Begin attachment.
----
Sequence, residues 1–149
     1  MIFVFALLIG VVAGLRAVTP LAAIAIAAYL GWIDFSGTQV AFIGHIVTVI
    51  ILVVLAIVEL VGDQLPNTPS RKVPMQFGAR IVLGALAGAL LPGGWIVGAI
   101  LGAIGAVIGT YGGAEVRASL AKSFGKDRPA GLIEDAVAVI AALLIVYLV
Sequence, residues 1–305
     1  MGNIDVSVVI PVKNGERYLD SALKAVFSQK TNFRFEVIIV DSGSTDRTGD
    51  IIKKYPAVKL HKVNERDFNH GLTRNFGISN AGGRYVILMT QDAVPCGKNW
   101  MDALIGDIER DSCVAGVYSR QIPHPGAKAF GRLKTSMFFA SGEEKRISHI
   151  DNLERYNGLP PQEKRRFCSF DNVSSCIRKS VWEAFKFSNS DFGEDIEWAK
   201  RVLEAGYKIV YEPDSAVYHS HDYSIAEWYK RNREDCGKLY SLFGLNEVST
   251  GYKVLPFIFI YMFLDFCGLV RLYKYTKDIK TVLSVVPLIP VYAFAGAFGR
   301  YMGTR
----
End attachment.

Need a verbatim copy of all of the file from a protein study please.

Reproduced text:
Sequence, residues 1–149
     1  MIFVFALLIG VVAGLRAVTP LAAIAIAAYL GWIDFSGTQV AFIGHIVTVI
    51  ILVVLAIVEL VGDQLPNTPS RKVPMQFGAR IVLGALAGAL LPGGWIVGAI
   101  LGAIGAVIGT YGGAEVRASL AKSFGKDRPA GLIEDAVAVI AALLIVYLV
Sequence, residues 1–305
     1  MGNIDVSVVI PVKNGERYLD SALKAVFSQK TNFRFEVIIV DSGSTDRTGD
    51  IIKKYPAVKL HKVNERDFNH GLTRNFGISN AGGRYVILMT QDAVPCGKNW
   101  MDALIGDIER DSCVAGVYSR QIPHPGAKAF GRLKTSMFFA SGEEKRISHI
   151  DNLERYNGLP PQEKRRFCSF DNVSSCIRKS VWEAFKFSNS DFGEDIEWAK
   201  RVLEAGYKIV YEPDSAVYHS HDYSIAEWYK RNREDCGKLY SLFGLNEVST
   251  GYKVLPFIFI YMFLDFCGLV RLYKYTKDIK TVLSVVPLIP VYAFAGAFGR
   301  YMGTR